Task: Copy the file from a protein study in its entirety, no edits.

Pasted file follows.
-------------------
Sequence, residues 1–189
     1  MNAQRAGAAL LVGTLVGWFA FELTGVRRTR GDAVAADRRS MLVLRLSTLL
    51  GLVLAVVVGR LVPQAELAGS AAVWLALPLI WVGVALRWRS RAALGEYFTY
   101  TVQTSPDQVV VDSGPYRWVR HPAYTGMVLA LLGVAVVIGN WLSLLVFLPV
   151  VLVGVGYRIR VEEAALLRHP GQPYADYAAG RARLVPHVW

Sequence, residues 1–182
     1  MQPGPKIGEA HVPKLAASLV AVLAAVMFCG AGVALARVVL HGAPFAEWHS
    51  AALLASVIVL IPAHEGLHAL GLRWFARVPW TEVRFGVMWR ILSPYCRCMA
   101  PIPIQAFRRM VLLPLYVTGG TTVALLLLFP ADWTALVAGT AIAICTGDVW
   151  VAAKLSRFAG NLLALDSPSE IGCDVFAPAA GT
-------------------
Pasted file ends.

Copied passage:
Sequence, residues 1–189
     1  MNAQRAGAAL LVGTLVGWFA FELTGVRRTR GDAVAADRRS MLVLRLSTLL
    51  GLVLAVVVGR LVPQAELAGS AAVWLALPLI WVGVALRWRS RAALGEYFTY
   101  TVQTSPDQVV VDSGPYRWVR HPAYTGMVLA LLGVAVVIGN WLSLLVFLPV
   151  VLVGVGYRIR VEEAALLRHP GQPYADYAAG RARLVPHVW

Sequence, residues 1–182
     1  MQPGPKIGEA HVPKLAASLV AVLAAVMFCG AGVALARVVL HGAPFAEWHS
    51  AALLASVIVL IPAHEGLHAL GLRWFARVPW TEVRFGVMWR ILSPYCRCMA
   101  PIPIQAFRRM VLLPLYVTGG TTVALLLLFP ADWTALVAGT AIAICTGDVW
   151  VAAKLSRFAG NLLALDSPSE IGCDVFAPAA GT